The blond woman scrambled to her feet and immediately looked up, clearly startled to see the Gypsy staring down at her through the grate. The blond woman raised a finger to her lips and gave a tight smile. Then she unfolded the chair and climbed onto it, reaching up toward the grate.

You’re far too short, the Gypsy thought. And just what are you doing?

The blond woman climbed back down off the chair and spoke to someone inside the building. Although she barely had room to stand in the narrow well beside the chair, she now stepped aside as a second person—a tall, dark-haired man in a fancy suit—heaved himself up out of the basilica basement and into the crowded shaft.

He, too, looked up, making eye contact with the Gypsy through the iron grate. Then, in an awkward twist of limbs, he exchanged positions with the blond woman and climbed up on top of the rickety chair. He was taller, and when he reached up, he was able to unlatch the security bar beneath the grate. Standing on tiptoe, he placed his hands on the grate and heaved upward. The grate rose an inch or so before he had to set it down.

“Può darci una mano?” the blond woman called up to the Gypsy.

Give you a hand? the Gypsy wondered, having no intention of getting involved. What are you doing?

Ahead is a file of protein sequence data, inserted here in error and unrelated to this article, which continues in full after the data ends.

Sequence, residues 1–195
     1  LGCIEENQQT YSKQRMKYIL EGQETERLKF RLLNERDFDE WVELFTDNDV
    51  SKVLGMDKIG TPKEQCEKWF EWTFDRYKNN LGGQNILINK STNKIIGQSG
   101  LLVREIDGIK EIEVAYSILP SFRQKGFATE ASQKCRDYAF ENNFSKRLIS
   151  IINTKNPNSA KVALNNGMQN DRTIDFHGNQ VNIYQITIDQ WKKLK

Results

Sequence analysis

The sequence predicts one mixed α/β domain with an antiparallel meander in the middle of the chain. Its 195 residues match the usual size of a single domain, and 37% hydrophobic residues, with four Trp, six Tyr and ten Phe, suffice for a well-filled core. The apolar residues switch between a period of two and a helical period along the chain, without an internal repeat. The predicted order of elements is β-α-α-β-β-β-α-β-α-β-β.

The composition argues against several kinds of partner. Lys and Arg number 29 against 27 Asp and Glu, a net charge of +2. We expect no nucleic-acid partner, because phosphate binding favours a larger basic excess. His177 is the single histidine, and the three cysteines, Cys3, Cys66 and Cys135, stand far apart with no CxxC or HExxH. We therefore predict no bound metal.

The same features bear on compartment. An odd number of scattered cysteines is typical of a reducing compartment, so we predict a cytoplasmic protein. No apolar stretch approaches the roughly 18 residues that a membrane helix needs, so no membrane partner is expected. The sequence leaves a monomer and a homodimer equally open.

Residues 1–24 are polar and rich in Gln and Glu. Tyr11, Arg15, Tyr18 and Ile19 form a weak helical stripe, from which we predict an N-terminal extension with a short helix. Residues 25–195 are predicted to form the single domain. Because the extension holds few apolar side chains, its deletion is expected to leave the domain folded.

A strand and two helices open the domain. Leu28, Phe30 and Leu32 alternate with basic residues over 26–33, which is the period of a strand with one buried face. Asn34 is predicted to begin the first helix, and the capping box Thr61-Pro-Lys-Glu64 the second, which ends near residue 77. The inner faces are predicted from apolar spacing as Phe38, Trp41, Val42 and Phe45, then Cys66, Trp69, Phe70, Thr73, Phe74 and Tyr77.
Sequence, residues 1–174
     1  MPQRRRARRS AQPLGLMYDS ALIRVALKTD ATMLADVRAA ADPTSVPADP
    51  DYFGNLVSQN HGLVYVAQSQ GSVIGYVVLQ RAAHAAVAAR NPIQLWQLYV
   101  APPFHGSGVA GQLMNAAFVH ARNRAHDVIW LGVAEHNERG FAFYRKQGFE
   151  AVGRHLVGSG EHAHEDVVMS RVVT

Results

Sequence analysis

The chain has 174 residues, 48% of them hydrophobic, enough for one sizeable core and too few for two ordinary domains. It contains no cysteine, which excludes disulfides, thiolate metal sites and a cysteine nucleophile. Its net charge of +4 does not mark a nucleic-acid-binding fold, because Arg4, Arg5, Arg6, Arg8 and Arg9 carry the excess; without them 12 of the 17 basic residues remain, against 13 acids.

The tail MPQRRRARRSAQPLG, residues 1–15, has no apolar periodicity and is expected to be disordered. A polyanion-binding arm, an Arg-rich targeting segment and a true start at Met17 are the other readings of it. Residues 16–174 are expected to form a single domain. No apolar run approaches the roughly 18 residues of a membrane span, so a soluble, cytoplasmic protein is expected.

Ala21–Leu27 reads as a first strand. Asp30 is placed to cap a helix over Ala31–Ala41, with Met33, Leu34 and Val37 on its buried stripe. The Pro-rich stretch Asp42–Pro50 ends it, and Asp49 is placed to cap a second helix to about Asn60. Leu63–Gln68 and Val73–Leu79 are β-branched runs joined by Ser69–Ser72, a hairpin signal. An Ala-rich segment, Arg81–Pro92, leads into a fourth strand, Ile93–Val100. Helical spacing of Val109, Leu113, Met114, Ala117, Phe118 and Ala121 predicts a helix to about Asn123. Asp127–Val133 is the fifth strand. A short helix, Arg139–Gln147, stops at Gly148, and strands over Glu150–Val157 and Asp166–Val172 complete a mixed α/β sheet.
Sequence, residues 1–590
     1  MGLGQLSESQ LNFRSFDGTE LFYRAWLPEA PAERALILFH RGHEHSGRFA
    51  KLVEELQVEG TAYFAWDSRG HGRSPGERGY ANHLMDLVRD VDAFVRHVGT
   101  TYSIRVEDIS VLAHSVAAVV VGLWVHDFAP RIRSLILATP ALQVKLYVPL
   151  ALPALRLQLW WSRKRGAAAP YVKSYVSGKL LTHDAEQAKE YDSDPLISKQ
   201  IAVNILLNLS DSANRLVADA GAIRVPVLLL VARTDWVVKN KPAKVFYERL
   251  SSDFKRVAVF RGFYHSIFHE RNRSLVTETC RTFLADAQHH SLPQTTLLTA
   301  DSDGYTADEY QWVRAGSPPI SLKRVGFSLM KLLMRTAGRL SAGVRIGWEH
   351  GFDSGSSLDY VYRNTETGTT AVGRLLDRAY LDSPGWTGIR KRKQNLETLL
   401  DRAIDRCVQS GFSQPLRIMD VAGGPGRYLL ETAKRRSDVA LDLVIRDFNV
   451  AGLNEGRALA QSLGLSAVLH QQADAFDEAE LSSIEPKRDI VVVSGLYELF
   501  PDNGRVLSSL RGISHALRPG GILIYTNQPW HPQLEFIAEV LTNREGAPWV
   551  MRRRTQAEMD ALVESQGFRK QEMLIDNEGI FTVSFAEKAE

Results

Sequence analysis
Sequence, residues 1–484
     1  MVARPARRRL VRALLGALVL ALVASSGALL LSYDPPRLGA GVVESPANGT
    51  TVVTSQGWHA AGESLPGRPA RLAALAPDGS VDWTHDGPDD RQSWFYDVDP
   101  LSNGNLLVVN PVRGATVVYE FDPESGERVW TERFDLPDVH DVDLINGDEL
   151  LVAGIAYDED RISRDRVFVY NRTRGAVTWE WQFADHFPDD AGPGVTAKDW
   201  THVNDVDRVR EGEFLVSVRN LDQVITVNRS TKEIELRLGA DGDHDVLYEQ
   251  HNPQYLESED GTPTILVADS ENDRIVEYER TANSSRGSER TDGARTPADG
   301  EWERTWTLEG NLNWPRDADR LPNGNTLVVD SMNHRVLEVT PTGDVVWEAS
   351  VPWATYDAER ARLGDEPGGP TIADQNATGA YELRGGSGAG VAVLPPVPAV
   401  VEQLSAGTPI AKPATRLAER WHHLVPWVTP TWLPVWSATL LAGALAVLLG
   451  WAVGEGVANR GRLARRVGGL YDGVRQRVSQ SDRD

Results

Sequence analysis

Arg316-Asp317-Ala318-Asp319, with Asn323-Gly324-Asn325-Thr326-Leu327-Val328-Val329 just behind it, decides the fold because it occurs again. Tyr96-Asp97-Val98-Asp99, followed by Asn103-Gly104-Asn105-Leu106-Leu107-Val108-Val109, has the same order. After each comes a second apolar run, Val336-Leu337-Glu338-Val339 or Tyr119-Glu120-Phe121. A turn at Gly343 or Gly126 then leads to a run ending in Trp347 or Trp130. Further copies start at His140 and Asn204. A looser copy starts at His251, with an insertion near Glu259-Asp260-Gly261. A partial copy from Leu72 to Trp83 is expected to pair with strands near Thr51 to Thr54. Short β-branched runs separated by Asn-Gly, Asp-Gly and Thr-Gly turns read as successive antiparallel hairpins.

The blond woman pulled out a man’s wallet and extracted a hundred-euro bill, waving it as an offering. It was more money than the vendor made with her masks in three days. No stranger to negotiation, she shook her head and held up two fingers. The blond woman produced a second bill.

Disbelieving of her good fortune, the Gypsy shrugged a reluctant yes, trying to look indifferent as she crouched down and grabbed the bars, looking into the man’s eyes so they could synchronize their efforts.

As the man heaved again, the Gypsy pulled upward with arms made strong from years of carrying her wares, and the grate swung upward … halfway. Just as she thought they had it, there was a loud crash beneath her, and the man disappeared, plummeting back down into the well as the folding chair collapsed beneath him.

The iron grate grew instantly heavier in her hands, and she thought she would have to drop it, but the promise of two hundred euros gave her strength, and she managed to heave the grate up against the side of the basilica, where it came to rest with a loud clang.

Breathless, the Gypsy peered down into the well at the twist of bodies and broken furniture. As the man got back up and brushed himself off, she reached down into the well, holding out her hand for her money.